*Cover the receiver and screw holes with Kiwi shoe polish. Kiwi is used as a release agent and the JB Weld will not adhere to it.
*Using the Play-Dough, fill the screw holes in the receiver and base. The tighter these holes are packed, the less chance there is for the Play-Dough to fall out. We don't want the bedding compound to seep into the screw holes and harden into a mechanical lock thus permanently attaching the base to the firearm.
Step 7: Finishing the Prep Work. at This Point Everything Is Cleaned, Kiwi Polish Is on the Receiver and Play-Dough Is in the Screw Holes.
Step 8: Applying the Bedding Compound.
Step 9: Once the Front Screw Is Snugged Down Make Sure the Bedding Evenly Covers the Base and Oozes Out on All Sides.
Step 10: Clean-up All the Overflow With WD40, Q-tips and Cotton Rags.
Now we must wait and hope that enough release agent was applied. There should be no pressure applied to the rear of the base during the hardening process.
Step 11: The Compound Fully Cures in 24 Hours But the Base Can Be Carefully Removed After About 8 Hours.
Step 12: Once Removed, Sand the Edges Smooth. a Chamfer Tool Easily Cleans Up the Screw Holes.
Step 13: Installing the Scope Base, Blue Loctite Is Your Friend.
Step 14: Proper Installation.
In this first photo I am pushing forward on the scope base as I snug down the screws. This scope base has a lip that rests against the front edge of the ejection port. The lip helps create a stable platform during recoil. By preloading the base lip against the edge of the ejection port there is little chance of the base moving seperately from the receiver once a shot is fired.
The second photo shows the lip solidly againts the ejection port. During recoil this lip accepts the energy, not the scope base screws.
Step 15: Torquing the Screws.
Snug up all four screws, then using an inch pound torque wrench, tighten to manufacturers specs. In this case the manufactures specs is 20 inch pounds.
Step 16: A Level Scope Base All Locked Down and Ready for Its Optics.
Step 17: Tactical Bolt Handle.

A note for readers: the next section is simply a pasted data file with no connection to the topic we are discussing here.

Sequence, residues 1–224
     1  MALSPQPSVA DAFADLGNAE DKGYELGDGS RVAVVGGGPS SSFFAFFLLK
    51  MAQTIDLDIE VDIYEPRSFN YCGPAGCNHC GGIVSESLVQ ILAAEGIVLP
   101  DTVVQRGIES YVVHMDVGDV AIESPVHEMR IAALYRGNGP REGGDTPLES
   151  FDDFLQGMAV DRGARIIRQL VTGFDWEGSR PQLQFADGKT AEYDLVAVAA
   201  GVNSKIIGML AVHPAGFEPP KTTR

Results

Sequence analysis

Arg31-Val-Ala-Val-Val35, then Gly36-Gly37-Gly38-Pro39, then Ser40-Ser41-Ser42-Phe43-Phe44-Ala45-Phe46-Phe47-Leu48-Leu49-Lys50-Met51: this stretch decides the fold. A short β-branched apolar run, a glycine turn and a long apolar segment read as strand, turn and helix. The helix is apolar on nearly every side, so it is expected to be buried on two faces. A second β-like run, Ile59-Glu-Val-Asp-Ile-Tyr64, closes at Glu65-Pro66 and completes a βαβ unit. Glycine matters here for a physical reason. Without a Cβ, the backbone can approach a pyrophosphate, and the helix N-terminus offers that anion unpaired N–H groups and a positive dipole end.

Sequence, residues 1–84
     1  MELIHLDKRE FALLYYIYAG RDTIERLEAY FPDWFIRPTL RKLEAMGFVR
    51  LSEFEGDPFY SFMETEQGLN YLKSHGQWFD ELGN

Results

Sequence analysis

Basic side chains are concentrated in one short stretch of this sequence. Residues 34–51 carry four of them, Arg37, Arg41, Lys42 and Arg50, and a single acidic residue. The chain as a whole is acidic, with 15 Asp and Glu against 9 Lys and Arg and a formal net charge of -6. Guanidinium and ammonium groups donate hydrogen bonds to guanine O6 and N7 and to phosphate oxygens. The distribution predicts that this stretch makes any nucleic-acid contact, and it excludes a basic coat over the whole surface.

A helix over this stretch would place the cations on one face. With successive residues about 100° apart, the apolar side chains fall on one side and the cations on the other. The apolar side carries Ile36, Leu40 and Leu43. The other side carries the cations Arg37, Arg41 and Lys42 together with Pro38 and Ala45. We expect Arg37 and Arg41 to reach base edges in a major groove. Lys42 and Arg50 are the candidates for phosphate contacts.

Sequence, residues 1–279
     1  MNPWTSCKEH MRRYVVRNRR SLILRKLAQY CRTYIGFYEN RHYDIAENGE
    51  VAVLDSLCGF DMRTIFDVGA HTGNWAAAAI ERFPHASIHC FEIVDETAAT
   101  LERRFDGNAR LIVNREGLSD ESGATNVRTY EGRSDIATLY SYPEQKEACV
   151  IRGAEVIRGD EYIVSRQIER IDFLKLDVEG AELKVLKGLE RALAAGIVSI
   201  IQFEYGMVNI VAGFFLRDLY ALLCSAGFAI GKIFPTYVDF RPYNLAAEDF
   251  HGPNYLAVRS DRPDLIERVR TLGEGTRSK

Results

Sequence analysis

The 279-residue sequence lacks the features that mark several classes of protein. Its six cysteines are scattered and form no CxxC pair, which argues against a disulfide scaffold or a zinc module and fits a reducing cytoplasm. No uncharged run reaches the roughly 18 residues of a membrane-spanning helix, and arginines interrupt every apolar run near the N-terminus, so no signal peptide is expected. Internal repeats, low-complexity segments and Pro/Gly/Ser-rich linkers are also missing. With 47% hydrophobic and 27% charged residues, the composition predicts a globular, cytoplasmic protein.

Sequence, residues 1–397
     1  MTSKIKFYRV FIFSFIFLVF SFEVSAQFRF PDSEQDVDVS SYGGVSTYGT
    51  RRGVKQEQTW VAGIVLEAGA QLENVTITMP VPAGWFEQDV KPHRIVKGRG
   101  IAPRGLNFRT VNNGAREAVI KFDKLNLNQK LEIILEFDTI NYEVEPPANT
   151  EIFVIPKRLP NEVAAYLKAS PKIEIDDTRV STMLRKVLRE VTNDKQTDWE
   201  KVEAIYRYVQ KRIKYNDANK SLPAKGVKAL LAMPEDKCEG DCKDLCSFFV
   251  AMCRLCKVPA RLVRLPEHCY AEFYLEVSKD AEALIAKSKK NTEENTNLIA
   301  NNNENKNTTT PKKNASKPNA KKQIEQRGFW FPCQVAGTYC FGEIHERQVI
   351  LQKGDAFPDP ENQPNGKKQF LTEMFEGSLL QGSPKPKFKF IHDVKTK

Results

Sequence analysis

I'm getting ready to ship the bolt to Badger Ordnance.
They will be installing a mini tactical bolt handle that has a recessed 1/2" socket head in the handle. This is the same size as the scope ring mounting bolts we are using. The bolt knob can then be used as an emergency scope wrench if needed.
I will also do a full review on this product along with more pictures.
6 years ago
This is awesome. Where's the rest!? Bedding the stock, etc
7 years ago
While there is no torque on the base, front to rear now, I'm wondering if it's a problem that it's not level to the action? If the bedding compound in this case was 1/64" or something I could see ignoring that, but this appears to be more like 1/16". Wouldn't that create issues? For example, couldn't you run out of vertical adjustment since they are not level?
8 years ago on Introduction
Nicely done. I don't know why people always want to lap perfectly good rings.
9 years ago on Step 17
lol...good call on the wrench end of the bolt handle!
9 years ago on Step 16
So with only those tiny screws holding this onto the rifle, it doesn't come lose over time?
10 years ago on Introduction
This is really helpful. I am actually in the purchasing the exact same model of gun as you are working on. I have heard bad things about the hogue stock though. What are your thoughts on it?
Reply 10 years ago on Introduction
I'm not impressed with the stock. The rubber really catches on my clothes and the stock itself has too much flex in it. I put an order in for a Bell & Carlson stock but like everything else in the firearms industry right now it is on backorder.
Reply 10 years ago on Introduction
Yeah everything in the firearm industry is crazy right now, especially with all the panic buyers. I like the bell and Carlson stock but I was also thinking of the choate tactical